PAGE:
A slum in India that has about a million people living on one square-mile got the ***** under control. https://tinyurl.com/y3bkest7
City officials led by Dighavkar, the assistant municipal commissioner in charge of Dharavi, charted their own course. After identifying five areas reporting the most cases, they focused on screening every house for people with fever or low oxygen levels. Local doctors were enlisted to inspire confidence among residents.
Within 10 days, 47,000 people had been screened, and 400 symptomatic people were tested for the *****, with 20 percent turning out to be positive. An additional 4,000 people, including contacts and those with co-morbidities, were placed in institutional quarantine.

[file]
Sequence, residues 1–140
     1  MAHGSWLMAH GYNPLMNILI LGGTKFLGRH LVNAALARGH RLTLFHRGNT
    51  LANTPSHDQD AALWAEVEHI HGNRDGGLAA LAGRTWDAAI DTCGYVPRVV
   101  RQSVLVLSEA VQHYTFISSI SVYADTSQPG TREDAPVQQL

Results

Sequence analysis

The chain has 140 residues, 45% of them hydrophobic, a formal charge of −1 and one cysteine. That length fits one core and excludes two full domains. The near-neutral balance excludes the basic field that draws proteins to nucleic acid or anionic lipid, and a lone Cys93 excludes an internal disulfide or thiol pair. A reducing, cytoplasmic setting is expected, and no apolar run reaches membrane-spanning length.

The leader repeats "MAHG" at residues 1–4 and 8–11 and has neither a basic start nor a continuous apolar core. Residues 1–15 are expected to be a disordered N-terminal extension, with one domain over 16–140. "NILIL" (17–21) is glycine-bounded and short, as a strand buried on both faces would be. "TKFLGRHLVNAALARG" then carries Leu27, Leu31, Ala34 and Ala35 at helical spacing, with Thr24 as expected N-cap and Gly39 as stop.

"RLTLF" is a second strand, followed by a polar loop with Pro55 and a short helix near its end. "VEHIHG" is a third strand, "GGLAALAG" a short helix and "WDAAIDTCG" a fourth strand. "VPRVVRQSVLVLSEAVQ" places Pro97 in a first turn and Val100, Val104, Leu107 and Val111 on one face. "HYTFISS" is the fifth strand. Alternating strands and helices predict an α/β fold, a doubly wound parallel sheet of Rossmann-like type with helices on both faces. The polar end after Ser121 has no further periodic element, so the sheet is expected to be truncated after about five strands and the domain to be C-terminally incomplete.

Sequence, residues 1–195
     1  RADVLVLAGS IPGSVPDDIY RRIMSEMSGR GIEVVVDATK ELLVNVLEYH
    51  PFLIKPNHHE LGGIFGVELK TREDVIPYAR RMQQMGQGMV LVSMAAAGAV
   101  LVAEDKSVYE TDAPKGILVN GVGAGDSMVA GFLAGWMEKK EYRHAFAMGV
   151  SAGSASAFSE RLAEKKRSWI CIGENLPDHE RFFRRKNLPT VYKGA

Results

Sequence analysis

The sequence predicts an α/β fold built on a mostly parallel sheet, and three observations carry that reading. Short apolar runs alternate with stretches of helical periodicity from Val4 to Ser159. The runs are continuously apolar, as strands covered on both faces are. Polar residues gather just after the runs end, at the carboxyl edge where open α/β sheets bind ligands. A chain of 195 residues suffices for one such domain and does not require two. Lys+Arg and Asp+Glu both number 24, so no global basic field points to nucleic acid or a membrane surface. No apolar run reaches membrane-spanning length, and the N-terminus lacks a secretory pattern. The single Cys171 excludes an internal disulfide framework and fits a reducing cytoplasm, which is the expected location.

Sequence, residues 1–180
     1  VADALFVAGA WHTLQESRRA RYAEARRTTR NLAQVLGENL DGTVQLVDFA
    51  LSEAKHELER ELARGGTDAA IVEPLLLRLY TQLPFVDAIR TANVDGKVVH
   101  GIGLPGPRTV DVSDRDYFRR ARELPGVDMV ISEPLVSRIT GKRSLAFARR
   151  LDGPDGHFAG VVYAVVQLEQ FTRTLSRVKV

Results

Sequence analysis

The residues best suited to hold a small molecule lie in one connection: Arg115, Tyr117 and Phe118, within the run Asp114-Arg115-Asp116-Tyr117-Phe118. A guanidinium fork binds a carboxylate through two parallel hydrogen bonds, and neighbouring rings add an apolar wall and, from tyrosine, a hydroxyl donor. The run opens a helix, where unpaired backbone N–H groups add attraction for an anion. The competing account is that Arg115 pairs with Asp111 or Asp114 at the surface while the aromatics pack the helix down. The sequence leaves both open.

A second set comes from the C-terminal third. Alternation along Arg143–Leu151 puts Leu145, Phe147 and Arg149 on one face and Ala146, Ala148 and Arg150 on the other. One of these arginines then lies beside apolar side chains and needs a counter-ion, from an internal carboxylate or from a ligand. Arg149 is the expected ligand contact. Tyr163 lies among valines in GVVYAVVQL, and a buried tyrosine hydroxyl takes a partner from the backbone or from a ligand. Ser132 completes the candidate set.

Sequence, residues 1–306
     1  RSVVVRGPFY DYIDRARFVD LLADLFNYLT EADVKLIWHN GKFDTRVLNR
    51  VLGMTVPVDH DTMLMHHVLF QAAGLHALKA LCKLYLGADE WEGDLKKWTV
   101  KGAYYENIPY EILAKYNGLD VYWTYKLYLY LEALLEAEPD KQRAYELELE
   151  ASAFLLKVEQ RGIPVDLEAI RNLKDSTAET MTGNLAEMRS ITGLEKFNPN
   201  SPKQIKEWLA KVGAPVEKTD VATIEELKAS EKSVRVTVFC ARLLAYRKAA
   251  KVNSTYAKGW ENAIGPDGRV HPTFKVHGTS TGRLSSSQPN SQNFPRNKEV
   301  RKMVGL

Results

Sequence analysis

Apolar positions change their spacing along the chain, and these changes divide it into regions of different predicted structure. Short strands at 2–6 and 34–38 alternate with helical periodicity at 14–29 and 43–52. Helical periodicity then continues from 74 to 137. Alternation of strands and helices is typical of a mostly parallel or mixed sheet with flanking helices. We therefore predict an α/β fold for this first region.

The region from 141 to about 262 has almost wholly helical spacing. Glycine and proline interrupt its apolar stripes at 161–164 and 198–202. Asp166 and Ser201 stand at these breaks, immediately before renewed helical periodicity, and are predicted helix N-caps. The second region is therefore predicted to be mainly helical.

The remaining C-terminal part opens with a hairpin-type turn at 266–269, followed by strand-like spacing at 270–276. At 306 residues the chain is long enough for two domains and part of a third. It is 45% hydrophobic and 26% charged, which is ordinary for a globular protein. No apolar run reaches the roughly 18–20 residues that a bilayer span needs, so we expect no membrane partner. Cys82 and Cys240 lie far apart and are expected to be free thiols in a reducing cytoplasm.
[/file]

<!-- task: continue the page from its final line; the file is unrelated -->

Health-care camps were set up in prominent locations in the slum where people could walk in and get a free ***** test. Officials urged dozens of private clinics in the area to remain open so more cases could be detected. In turn, the government provided them with protective gear and daily sanitization.
The other critical challenge was building health infrastructure from scratch. The government-run health-care facilities inside the slum had no beds or intensive care equipment. Dighavkar and his team took over a sports complex, a park, a marriage hall and private hospitals to house quarantine and treatment facilities. On a vacant lot, they built a 200-bed hospital with oxygen beds.
Hundreds of community toilets were sanitized three times a day. Soap and water supply was regularized.
The efforts paid off. The number of new cases in July was a fifth that of May. The recovery rate is over 80 percent, and the number of active cases is under 100.